A cautionary tale of how one drop ruined dozens of images
Underwater photographers all make mistakes. In the best of all possible worlds, when we err, the offence impacts only a single photo or a single subject. But the underwater world—while beautiful—is less than forgiving. And while on assignment for DPG on the luxurious Arenui liveaboard in Indonesia, I had a photo fail so epic that it almost ruined an entire day’s worth of dives.
Being on photography assignment is far from a vacation. You are up before the guests at the crack of dawn to set up camera gear, and often you’re up way after lights out to edit photos and prepare for the next day. Over the course of a multi-week itinerary, the demanding schedule can take a toll even on the seasoned photojournalist.
Waking just before sunrise, I surveyed the surface waters above the dive site “Batu Montjo,” which lies just northwest of Komodo Island. The pristine hard coral reef of the site was just a few feet from the surface—the morning’s low, low tide and golden hour light promised fantastic wide-angle photo opportunities. There was just one problem: My DSLR was still set up for super-macro from the critter-filled dive the night prior…
With such amazing wide-angle conditions, the photographer made a quick switch from macro—and forgot to take a pre-dive test image
I quickly sprang into action to switch my setup from macro to wide-angle in anticipation of the morning’s prime conditions. With DSLR and mirrorless cameras, this involves changing the lens as well as the port. I had already dipped the system into the spacious rinse tank to double check for any bubbles that might indicate a leak. Still slightly wet, I removed the macro port and switched in my fisheye wide-angle lens along with corresponding mini-dome port.
Always cautious, I water-tested the housing once again before handing it off to one of the attentive crewmembers to load in the dingy for the dive. My prediction of a wonderous wide-angle dive proved true: The colorful coral reflected in the calm surface as sharp rays of sunlight pierced the shallows. At one point, a juvenile manta ray even swooped into the scene. Other photography opportunities included a cooperative lionfish and a leaffish perched in the midst of schooling glassfish.
With all of the action, I had failed to look closely at my shots until about halfway through the dive—only checking the histogram for exposure. To my horror, every single image was marred by a large blemish.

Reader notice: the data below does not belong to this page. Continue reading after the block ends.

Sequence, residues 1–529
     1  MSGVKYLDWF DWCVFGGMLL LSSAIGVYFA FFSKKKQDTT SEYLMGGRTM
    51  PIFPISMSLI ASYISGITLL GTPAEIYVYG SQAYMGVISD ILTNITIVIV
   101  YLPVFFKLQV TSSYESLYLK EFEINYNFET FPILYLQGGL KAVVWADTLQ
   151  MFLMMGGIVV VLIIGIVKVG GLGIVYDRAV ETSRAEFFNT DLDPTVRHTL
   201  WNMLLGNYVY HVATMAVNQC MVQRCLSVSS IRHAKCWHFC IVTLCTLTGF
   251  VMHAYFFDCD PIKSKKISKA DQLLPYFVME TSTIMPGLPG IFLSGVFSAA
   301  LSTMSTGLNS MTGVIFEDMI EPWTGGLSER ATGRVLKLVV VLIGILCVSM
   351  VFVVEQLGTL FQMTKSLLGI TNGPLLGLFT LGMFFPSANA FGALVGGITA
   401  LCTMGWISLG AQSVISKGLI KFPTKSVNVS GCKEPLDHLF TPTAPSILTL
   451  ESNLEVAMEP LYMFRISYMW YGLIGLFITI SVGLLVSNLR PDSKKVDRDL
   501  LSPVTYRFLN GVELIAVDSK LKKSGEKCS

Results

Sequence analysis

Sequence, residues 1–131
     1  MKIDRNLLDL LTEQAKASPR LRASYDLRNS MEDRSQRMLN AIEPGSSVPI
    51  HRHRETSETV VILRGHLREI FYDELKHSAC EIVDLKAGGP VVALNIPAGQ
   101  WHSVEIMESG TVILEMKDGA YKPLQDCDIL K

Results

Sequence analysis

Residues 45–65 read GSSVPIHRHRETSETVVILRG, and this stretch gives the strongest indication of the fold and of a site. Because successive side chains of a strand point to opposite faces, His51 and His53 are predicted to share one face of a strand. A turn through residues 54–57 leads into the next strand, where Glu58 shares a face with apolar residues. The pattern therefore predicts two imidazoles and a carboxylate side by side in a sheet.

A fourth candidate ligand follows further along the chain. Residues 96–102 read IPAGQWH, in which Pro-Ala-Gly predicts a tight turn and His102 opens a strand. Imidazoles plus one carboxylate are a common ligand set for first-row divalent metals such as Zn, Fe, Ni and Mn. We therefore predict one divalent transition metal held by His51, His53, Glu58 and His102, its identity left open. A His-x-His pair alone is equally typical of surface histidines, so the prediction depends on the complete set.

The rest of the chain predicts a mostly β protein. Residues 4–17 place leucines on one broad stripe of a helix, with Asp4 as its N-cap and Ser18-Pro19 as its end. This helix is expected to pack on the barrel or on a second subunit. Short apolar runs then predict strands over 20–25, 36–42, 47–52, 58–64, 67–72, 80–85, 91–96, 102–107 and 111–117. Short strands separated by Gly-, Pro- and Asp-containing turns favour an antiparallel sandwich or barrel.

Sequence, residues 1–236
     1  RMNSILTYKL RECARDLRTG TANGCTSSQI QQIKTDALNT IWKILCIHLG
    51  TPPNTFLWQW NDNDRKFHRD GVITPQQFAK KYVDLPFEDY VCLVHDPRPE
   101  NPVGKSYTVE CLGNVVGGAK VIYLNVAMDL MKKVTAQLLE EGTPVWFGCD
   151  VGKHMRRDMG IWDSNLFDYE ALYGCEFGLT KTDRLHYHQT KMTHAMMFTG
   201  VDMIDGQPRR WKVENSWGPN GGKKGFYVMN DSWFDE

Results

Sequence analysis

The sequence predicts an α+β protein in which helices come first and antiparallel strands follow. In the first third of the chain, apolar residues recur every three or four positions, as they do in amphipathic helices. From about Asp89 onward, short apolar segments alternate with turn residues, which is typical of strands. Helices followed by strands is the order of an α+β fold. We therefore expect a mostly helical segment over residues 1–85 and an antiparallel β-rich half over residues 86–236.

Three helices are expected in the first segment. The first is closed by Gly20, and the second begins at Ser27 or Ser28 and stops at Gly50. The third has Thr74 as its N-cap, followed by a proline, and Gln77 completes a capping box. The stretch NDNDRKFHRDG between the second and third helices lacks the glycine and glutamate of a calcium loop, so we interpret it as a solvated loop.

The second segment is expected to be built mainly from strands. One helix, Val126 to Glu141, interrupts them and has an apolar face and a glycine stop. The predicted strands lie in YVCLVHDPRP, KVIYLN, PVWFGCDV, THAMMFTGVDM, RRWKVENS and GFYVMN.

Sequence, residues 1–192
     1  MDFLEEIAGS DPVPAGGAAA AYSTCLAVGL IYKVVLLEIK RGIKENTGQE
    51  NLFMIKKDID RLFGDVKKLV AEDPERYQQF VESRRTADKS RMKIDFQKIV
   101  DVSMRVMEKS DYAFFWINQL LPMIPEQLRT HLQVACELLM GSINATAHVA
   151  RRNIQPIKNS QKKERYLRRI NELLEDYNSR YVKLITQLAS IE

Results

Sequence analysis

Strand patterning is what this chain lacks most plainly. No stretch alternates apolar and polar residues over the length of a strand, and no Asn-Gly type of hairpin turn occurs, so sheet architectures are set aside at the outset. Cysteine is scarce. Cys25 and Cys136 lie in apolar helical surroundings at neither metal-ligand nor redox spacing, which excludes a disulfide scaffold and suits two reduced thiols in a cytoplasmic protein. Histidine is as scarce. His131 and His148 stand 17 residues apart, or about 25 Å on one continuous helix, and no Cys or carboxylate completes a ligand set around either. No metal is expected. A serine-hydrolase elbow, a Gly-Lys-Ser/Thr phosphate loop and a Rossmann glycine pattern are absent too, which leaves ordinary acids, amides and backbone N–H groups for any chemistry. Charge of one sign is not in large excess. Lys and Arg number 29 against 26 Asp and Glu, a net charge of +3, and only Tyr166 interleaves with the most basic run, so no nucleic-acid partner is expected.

While such a spot might be hardly noticeable when reviewing images underwater, it’s extremely obvious when viewed on a larger screen
There's no fixing an intra-housing issue once you’re underwater
Rushing to get ready for a dive—especially with photo gear—is never ideal. However, changing conditions and sudden opportunities often produce such situations. In my haste to switch over to a wide-angle setup, I had failed to notice a droplet of water had fallen smack dab onto the inside of my dome port. It’s not something you’d even notice before hopping in the water or by checking the housing’s integrity via rinse tank or vacuum seal. One little water drop might not hurt your camera, but it can spoil your images from an entire dive (or day) if not fixed.
There’s really one solution for this problem and so many others like it: Take a series of test shots prior to getting in the water. Don’t skip any step you wouldn’t take underwater. That means using strobes, desired exposure mode, autofocus, and various focal lengths (if applicable). But don’t just take the shot: Review the image carefully. This extra step can reveal problems large and small—from the classic “lens cap still on” conundrum to misfiring strobes—and even a small-but-very-annoying water drop.
In the end, I was able to work around the droplet by composing shots so that this ultra-distracting element was out of frame. And for keeper images where the drop remained, I used Photoshop’s Content Aware Fill tool to try and fix the issue. Some images were salvageable, while others were not. While it wasn’t the largest problem to face with an underwater camera system, this droplet could have been easily prevented by sticking to my usual pre-dive test shot ritual.
After seeing the drop underwater, the photographer was able to find a workaround by composing images with the spot at the edge of the frame
Alternatively, in some cases, Adobe’s Content Aware Fill tool can be used to remove the unwanted spot
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